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Horse from Middle Ages melts from glacier

A recovered iron shoe. Photo: Oppland County Council

A recovered iron shoe. © Oppland County Council

The remains of a probable packhorse dating back nearly 1000 years have emerged from a melting glacier in Norway.

The find has excited archaeologists with the Oppland Fylkeskommune (the Oppland County Council).

The remains emerged from a melting glacier between Lom and Skjåk at an altitude of about 2000 metres.

Even horse manure has emerged from the ice.

Oppland County archaeologist Lars Pilo told Norwegian news site Nrk.no that it was a small horse, and may have died from a broken leg while crossing the rough terrain.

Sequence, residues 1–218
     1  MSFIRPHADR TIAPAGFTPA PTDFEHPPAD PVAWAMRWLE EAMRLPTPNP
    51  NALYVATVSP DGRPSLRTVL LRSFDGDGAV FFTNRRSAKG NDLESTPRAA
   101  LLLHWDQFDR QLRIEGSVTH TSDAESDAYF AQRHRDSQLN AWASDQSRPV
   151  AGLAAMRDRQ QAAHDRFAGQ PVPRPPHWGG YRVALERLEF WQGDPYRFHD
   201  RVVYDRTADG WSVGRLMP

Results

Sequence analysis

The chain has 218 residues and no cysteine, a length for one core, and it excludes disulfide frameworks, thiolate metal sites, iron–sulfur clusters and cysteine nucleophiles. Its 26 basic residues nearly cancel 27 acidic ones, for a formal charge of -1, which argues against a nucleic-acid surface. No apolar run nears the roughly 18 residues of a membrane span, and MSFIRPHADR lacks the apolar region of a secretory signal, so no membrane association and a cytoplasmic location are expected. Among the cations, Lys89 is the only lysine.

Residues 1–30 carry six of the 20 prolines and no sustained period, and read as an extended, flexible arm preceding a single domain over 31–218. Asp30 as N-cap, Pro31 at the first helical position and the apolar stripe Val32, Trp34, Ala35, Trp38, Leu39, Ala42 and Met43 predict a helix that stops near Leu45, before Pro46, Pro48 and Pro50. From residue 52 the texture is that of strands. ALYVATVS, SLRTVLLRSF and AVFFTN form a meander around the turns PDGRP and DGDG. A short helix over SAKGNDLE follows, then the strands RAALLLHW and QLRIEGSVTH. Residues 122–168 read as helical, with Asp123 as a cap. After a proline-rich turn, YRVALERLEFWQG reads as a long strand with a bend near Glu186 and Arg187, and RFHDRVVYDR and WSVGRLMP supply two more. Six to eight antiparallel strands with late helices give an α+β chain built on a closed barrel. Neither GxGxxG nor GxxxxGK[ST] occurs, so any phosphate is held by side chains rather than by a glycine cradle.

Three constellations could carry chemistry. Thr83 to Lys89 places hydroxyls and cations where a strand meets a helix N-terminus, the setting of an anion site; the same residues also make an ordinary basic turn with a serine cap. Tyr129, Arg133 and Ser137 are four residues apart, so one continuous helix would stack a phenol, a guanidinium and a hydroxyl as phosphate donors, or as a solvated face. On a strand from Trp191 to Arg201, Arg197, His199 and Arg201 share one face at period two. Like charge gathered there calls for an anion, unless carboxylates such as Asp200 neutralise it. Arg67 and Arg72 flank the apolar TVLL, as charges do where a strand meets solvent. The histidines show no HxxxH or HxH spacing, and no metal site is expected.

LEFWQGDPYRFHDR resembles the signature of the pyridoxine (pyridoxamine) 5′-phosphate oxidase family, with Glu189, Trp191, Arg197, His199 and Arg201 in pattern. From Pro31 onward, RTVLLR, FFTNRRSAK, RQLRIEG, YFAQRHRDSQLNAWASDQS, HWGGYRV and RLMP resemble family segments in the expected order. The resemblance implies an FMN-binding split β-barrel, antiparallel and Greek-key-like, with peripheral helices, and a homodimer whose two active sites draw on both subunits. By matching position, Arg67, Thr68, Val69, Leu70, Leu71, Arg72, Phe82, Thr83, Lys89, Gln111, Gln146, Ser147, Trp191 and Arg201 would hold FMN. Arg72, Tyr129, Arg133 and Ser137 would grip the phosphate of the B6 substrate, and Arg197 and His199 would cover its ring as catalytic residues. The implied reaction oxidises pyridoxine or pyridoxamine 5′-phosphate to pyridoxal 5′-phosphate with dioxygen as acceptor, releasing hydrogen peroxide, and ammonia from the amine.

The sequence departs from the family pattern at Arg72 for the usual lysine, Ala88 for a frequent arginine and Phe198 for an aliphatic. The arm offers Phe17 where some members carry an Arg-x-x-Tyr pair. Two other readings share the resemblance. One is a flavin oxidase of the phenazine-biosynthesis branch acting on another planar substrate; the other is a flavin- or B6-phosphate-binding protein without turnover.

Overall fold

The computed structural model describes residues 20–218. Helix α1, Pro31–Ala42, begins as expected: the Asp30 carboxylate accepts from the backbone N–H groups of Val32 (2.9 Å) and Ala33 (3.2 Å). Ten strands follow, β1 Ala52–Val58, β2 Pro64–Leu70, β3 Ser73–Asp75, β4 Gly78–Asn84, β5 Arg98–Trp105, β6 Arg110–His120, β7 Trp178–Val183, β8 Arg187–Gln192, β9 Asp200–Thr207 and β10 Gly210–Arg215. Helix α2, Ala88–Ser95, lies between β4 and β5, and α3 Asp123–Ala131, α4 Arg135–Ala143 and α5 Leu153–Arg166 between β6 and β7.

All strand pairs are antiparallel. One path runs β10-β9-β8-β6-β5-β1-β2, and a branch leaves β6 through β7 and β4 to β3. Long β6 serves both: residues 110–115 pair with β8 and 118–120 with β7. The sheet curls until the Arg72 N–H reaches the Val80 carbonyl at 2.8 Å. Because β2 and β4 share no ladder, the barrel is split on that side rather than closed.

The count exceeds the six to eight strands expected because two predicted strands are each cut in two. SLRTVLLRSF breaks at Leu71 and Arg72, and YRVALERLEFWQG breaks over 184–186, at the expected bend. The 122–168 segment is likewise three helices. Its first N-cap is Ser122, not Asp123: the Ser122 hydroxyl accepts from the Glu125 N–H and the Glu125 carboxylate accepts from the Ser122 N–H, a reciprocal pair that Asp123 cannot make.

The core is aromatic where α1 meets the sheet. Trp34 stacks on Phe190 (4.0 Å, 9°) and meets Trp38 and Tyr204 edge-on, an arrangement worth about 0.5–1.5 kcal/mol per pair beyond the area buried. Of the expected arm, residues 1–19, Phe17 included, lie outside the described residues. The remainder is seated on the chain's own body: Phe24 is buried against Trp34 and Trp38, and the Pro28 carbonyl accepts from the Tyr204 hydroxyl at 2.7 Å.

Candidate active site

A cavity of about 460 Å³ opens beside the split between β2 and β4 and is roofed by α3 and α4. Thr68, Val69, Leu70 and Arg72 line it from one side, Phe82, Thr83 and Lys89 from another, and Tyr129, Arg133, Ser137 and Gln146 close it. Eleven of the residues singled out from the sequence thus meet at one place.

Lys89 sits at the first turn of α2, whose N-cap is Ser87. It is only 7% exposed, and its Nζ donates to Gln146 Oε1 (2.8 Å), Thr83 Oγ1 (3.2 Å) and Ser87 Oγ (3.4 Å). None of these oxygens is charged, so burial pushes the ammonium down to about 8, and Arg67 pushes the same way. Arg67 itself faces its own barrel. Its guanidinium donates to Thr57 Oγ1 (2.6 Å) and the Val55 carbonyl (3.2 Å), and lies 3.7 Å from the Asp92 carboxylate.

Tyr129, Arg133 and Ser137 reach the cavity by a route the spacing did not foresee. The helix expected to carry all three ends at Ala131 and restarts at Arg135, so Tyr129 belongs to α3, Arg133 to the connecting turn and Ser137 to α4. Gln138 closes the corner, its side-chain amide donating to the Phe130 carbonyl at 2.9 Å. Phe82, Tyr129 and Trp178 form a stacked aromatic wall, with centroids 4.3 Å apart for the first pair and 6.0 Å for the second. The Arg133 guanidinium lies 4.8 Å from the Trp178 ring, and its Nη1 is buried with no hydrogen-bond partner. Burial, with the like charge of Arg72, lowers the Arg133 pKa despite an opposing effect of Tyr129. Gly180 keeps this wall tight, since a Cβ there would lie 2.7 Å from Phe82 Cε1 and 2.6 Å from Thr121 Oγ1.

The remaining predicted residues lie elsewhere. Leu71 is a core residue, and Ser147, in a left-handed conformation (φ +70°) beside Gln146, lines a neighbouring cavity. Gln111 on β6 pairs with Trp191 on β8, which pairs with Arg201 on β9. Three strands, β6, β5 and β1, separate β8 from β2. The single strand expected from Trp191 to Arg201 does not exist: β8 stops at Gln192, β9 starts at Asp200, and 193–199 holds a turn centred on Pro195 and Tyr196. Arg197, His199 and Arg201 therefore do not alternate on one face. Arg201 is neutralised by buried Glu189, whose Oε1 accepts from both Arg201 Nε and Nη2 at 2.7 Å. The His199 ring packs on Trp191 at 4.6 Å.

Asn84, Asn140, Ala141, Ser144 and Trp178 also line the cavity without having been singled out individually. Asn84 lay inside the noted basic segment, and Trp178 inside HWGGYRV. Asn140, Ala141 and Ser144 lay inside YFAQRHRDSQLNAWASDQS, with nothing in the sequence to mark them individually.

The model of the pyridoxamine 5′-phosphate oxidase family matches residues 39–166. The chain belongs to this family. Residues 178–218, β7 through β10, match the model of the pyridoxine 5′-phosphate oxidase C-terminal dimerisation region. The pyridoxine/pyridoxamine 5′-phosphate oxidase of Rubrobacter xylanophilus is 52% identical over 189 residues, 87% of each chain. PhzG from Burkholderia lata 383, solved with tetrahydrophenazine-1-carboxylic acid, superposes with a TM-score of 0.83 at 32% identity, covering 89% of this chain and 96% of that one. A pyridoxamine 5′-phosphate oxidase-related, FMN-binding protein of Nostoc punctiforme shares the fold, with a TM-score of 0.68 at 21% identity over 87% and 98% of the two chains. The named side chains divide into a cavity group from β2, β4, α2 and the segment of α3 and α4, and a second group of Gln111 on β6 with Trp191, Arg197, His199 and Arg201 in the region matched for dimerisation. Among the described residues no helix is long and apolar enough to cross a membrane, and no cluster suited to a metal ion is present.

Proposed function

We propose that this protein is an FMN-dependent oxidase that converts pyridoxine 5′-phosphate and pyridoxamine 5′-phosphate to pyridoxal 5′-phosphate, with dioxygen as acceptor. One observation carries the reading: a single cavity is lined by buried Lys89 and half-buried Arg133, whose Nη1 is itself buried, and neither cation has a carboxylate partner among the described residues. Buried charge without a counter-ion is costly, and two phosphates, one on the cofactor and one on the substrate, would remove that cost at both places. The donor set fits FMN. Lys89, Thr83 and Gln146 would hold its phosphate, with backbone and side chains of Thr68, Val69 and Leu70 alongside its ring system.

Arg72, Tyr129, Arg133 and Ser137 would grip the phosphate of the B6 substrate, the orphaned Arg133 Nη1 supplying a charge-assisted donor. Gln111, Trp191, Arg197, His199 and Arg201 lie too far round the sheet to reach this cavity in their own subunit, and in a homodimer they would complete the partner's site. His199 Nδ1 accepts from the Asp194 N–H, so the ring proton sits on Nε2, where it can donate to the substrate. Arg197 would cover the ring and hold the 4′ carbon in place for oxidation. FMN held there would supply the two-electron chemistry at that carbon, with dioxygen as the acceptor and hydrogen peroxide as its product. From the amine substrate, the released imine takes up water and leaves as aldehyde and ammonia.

Archaeologists also found horseshoes dating back 800-900 years and manure about 1000 years old, pointing to the use of the general area as a high-alpine route.

The recovered jawbone from a horse that died nearly 1000 years ago. Photo: Oppland County Council

The recovered jawbone from a horse that died nearly 1000 years ago. © Oppland County Council

TheLocal.no reports that the horse may have been used for transport and could well have been killed on the spot after breaking its leg.

Danish-born Pilø, who heads snow archeology for the Oppland council, said the horse was found last month around the Lendbreen glacier, near Lillehammer, which he suspects was used for hunting and as a shortcut over the mountains during the period the horse died.

He suggests the horse may have been used to carry reindeer carcasses back off the mountains to the villages below.

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